If we listened...and listened...and listened.

People Reveal The Weirdest Thing About Themselves

Reddit user Isitjustmedownhere asked: 'Give an example; how weird are you really?'

Let's get one thing straight: no one is normal. We're all weird in our own ways, and that is actually normal.

Of course, that doesn't mean we don't all have that one strange trait or quirk that outweighs all the other weirdness we possess.

For me, it's the fact that I'm almost 30 years old, and I still have an imaginary friend. Her name is Sarah, she has red hair and green eyes, and I strongly believe that, since I lived in India when I created her and there were no actual people with red hair around, she was based on Daphne Blake from Scooby-Doo.

I also didn't know the name Sarah when I created her, so that came later. I know she's not really there, hence the term 'imaginary friend,' but she's kind of always been around. We all have conversations in our heads; mine are with Sarah. She keeps me on task and efficient.

My mom thinks I'm crazy that I still have an imaginary friend, and writing about her like this makes me think I may actually be crazy, but I don't mind. As I said, we're all weird, and we all have that one trait that outweighs all the other weirdness.

Redditors know this all too well and are eager to share their weird traits.

It all started when Redditor Isitjustmedownhere asked:

"Give an example; how weird are you really?"

Monsters Under My Bed

"My bed doesn't touch any wall."

"Edit: I guess i should clarify im not rich."

– Practical_Eye_3600

"Gosh the monsters can get you from any angle then."

– bikergirlr7

"At first I thought this was a flex on how big your bedroom is, but then I realized you're just a psycho 😁"

– zenOFiniquity8

Can You See Why?

"I bought one of those super-powerful fans to dry a basement carpet. Afterwards, I realized that it can point straight up and that it would be amazing to use on myself post-shower. Now I squeegee my body with my hands, step out of the shower and get blasted by a wide jet of room-temp air. I barely use my towel at all. Wife thinks I'm weird."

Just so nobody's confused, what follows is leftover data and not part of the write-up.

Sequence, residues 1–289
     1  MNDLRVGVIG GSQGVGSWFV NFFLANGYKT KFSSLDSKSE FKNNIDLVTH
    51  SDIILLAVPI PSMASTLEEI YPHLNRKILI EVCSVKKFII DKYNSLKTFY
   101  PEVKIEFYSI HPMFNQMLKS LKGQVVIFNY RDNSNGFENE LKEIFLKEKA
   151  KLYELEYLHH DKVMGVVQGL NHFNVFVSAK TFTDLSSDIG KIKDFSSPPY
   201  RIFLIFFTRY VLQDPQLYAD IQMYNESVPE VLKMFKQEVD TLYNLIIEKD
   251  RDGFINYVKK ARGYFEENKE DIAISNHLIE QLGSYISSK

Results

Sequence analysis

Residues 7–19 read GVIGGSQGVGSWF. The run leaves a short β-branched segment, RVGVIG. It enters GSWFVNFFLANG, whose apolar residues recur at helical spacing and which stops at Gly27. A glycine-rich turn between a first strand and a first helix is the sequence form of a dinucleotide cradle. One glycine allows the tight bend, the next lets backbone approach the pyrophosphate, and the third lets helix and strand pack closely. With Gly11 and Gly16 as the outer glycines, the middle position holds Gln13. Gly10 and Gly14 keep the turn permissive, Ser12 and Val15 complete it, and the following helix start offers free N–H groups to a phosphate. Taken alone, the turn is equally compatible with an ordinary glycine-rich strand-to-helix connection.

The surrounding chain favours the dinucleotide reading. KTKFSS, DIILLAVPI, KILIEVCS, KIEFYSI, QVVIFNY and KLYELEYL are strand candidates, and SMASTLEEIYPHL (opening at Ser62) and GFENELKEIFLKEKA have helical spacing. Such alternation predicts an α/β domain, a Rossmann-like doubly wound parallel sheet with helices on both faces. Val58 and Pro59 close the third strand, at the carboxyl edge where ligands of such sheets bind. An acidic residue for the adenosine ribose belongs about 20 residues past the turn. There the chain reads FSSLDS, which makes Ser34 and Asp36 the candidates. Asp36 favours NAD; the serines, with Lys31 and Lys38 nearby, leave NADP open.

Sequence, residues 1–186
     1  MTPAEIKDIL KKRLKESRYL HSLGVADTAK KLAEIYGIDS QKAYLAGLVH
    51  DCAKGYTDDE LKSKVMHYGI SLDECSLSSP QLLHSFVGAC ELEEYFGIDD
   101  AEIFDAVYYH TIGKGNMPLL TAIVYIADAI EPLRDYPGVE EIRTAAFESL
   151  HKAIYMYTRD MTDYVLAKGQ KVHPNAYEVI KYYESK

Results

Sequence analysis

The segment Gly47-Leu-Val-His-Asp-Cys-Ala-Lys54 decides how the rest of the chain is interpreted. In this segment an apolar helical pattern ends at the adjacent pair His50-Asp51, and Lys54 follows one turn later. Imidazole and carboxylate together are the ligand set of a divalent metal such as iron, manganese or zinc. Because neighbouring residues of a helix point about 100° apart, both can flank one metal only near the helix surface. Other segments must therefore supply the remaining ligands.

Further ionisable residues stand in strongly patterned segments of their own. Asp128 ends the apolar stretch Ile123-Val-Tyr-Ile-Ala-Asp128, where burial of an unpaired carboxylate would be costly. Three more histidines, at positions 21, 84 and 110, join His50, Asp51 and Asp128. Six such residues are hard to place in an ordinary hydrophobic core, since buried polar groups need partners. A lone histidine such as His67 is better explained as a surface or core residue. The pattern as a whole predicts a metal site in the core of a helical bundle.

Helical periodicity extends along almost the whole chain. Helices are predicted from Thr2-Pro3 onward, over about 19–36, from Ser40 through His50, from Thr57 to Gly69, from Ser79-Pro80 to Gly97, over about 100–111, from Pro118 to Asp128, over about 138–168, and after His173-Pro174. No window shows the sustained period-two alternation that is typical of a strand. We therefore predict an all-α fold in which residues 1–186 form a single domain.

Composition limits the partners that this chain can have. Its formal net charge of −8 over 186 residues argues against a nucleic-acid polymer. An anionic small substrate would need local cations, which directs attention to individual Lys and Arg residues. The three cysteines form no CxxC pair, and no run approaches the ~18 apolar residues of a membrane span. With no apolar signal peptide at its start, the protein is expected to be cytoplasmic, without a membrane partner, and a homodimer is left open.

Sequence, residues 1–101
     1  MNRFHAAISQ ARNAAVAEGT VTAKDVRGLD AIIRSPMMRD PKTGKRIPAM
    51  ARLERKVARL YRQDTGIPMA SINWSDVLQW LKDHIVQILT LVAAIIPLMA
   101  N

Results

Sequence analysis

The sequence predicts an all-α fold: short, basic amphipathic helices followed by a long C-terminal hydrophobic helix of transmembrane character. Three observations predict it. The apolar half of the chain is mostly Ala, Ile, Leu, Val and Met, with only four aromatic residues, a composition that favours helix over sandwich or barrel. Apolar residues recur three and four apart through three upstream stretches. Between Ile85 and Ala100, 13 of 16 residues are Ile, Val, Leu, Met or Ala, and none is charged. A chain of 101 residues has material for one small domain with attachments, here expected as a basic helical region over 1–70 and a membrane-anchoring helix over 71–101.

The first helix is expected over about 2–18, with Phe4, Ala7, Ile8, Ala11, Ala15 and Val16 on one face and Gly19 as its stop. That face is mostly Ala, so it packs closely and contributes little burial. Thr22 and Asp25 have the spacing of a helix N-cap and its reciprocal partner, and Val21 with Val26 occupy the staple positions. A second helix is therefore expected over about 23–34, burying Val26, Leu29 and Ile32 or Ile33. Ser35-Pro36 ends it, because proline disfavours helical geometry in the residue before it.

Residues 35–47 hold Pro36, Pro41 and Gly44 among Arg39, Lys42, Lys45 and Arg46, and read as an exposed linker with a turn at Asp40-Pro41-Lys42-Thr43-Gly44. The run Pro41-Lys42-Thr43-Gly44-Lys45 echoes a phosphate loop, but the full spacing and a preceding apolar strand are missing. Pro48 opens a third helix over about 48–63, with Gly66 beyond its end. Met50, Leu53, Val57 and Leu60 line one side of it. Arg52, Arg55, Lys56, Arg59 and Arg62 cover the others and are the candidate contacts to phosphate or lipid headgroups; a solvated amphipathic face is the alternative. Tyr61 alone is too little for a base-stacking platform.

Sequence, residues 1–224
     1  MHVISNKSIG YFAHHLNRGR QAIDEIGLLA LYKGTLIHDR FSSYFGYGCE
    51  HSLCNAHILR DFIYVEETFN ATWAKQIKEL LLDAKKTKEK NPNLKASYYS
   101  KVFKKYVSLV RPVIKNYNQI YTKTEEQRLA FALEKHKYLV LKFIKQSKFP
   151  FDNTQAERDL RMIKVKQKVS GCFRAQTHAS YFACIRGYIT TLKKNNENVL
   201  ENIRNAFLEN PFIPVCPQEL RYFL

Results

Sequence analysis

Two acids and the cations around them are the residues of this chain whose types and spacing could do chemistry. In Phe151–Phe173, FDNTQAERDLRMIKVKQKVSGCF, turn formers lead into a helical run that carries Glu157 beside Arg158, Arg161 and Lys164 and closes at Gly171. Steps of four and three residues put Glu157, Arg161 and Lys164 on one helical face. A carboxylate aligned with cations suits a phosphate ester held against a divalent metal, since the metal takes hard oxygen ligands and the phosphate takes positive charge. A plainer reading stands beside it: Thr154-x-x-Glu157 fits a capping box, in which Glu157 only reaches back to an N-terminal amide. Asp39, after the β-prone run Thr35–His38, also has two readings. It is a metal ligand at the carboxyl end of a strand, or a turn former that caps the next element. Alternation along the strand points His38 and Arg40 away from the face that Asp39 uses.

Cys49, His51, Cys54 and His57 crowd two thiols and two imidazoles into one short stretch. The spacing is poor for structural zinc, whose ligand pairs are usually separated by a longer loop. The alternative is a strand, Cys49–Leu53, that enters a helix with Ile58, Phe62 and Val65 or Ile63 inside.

– KingBooRadley


"In 1990 when I was 8 years old and bored on a field trip, I saw a black Oldsmobile Cutlass driving down the street on a hot day to where you could see that mirage like distortion from the heat on the road. I took a “snapshot” by blinking my eyes and told myself “I wonder how long I can remember this image” ….well."

– AquamarineCheetah

"Even before smartphones, I always take "snapshots" by blinking my eyes hoping I'll remember every detail so I can draw it when I get home. Unfortunately, I may have taken so much snapshots that I can no longer remember every detail I want to draw."

"Makes me think my "memory is full.""

– Reasonable-Pirate902

Same, Same

"I have eaten the same lunch every day for the past 4 years and I'm not bored yet."

– OhhGoood

"How f**king big was this lunch when you started?"

– notmyrealnam3

Not Sure Who Was Weirder

"Had a line cook that worked for us for 6 months never said much. My sous chef once told him with no context, "Baw wit da baw daw bang daw bang diggy diggy." The guy smiled, left, and never came back."

– Frostygrunt


"I pace around my house for hours listening to music imagining that I have done all the things I simply lack the brain capacity to do, or in some really bizarre scenarios, I can really get immersed in these imaginations sometimes I don't know if this is some form of schizophrenia or what."

– RandomSharinganUser

"I do the same exact thing, sometimes for hours. When I was young it would be a ridiculous amount of time and many years later it’s sort of trickled off into almost nothing (almost). It’s weird but I just thought it’s how my brain processes sh*t."

– Kolkeia

If Only

"Even as an adult I still think that if you are in a car that goes over a cliff; and right as you are about to hit the ground if you jump up you can avoid the damage and will land safely. I know I'm wrong. You shut up. I'm not crying."

– ShotCompetition2593

Pet Food

"As a kid I would snack on my dog's Milkbones."

– drummerskillit

"Haha, I have a clear memory of myself doing this as well. I was around 3 y/o. Needless to say no one was supervising me."

– Isitjustmedownhere

"When I was younger, one of my responsibilities was to feed the pet fish every day. Instead, I would hide under the futon in the spare bedroom and eat the fish food."

– -GateKeep-

My Favorite Subject